A beer from wastewater is produced in Germany to counteract climate change
This beer project undertaken by two Berlin-based water supply companies and the local brewery Herforder was presented within the framework of the International Water Recovery and Recycling Convention.
Berlin is known as a great innovation center, and Germany, with its great beer production culture joins environmental purposes in the face of climate change through innovative methods in the city. Concerned about the importance of this element, the water technology company Xylem together with the Herforder brewery created this wastewater beer called Reuse Brew.
The project consists of producing beer with purified wastewater, as well as simple and clean ingredients such as hops and barley malt. Jan Karl Nielebock, an expert brewer from Xylem, says: “Our Reuse Brew is created according to all the rules of the German brewing art, and contains, in addition to recycled water, the best ingredients that a craft beer needs.”
Premiered at the beginning of June, Reuse Brew was only presented at the Water Recovery and Recycling Conference in Berlin. Its commercialization is not planned and only 1000 bottles – four hectoliters – were produced for promotional purposes. The creation of this beer entails the awareness of the use of water and the importance of recycling it.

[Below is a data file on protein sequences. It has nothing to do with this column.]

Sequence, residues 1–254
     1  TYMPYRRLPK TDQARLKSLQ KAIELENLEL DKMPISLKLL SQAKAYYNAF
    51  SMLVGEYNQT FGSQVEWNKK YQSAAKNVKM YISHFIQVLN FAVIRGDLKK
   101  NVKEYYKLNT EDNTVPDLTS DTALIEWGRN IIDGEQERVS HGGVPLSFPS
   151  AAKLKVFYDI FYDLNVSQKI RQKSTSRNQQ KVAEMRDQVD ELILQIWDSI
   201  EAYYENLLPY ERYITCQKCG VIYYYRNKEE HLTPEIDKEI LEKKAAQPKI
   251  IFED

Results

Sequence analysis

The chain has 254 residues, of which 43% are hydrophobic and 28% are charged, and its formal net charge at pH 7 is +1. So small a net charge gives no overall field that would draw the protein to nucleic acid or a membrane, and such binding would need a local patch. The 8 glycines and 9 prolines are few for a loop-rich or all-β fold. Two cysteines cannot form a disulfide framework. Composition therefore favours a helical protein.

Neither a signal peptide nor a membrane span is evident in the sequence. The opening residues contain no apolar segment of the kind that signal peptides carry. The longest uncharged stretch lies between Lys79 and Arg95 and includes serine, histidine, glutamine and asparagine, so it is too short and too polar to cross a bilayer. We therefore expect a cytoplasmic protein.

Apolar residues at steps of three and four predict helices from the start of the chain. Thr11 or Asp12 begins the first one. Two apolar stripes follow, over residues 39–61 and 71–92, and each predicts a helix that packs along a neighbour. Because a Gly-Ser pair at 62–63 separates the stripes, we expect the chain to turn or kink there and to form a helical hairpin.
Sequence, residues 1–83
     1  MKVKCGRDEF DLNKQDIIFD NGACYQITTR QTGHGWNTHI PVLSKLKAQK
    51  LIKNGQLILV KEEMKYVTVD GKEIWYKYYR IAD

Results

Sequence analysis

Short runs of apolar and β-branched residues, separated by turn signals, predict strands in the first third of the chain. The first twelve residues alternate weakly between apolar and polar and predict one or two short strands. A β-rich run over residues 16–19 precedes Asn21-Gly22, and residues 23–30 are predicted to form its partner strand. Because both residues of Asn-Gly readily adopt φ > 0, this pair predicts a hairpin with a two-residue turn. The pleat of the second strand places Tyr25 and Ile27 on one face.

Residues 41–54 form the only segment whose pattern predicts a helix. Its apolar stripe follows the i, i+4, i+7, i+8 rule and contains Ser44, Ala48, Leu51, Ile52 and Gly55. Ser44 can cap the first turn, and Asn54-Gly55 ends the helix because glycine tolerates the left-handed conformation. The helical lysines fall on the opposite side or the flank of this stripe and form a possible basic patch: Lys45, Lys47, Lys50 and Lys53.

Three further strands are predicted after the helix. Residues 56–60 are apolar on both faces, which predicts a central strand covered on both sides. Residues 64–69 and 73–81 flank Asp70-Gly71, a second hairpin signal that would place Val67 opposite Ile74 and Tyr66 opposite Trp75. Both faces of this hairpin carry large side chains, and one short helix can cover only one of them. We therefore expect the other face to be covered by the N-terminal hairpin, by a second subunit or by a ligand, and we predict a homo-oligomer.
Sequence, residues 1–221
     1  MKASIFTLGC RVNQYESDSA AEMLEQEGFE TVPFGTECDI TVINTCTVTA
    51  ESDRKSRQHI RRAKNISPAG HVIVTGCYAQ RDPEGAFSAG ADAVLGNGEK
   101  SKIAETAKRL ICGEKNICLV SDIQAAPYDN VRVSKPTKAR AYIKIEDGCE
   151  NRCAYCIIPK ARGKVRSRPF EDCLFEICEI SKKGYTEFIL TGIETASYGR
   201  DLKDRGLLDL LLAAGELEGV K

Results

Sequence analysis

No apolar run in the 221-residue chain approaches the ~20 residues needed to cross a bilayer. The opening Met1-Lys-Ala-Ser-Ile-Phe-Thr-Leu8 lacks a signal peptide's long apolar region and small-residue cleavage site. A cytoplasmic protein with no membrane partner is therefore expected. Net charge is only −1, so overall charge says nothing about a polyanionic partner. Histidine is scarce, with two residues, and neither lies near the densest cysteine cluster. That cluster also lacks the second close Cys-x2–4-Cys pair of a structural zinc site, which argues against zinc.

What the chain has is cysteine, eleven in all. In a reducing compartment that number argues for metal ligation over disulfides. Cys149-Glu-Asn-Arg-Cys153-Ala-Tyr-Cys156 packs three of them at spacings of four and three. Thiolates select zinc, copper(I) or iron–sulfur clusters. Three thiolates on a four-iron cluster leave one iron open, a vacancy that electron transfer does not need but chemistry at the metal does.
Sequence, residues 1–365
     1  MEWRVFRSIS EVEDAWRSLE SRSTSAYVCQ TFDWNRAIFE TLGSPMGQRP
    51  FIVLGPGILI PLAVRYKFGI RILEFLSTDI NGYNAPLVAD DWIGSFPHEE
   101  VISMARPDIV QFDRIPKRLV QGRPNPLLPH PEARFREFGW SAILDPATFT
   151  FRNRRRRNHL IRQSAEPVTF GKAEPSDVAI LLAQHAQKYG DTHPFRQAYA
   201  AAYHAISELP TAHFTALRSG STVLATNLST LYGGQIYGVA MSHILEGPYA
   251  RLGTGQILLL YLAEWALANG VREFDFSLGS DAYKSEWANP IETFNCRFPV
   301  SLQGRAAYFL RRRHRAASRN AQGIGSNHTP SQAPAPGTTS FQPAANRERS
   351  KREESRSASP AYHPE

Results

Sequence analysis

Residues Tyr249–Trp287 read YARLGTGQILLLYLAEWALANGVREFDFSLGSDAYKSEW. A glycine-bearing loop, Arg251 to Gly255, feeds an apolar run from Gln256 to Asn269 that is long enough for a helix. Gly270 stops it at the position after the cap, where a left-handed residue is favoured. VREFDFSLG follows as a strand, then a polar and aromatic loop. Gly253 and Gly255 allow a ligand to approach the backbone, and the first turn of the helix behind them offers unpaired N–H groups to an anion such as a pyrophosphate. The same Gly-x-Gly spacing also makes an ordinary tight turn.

Xylem had previously worked on projects to create beer from wastewater in the United States. On the other hand, last summer a Stockholm brewery supported by Carlesberg launched a beer made from recycled sewage water called PU:REST.
Other Recycling Methods for Producing Beer
Not only water, which counts as a vital ingredient and whose estimated use is around 3 liters of water per liter of beer can be reused or recycled. Yeast is a highly recycled element, specifically by commercial breweries.
Unlike artisanal breweries who comparatively produce in small quantities. Mainly this practice is used because they can get vigorous fermentations over and over again, and because it would be prohibitively expensive to buy enough yeast to ferment every batch of commercial size. For their part, artisanal breweries benefit from better production with each yeast transfer after each production.
The German Brewers’ Association’s Opinion
For its part, the German brewers’ association expressed itself through its spokesman Holger Eichele over this subject, who explains that the association is committed to protecting existing resources for brewing. He adds, however, that “the best water is that which does not ask to be cleaned or conditioned, because it is sufficient and of the best natural quality“.
Don’t drink and drive. Enjoy responsibly.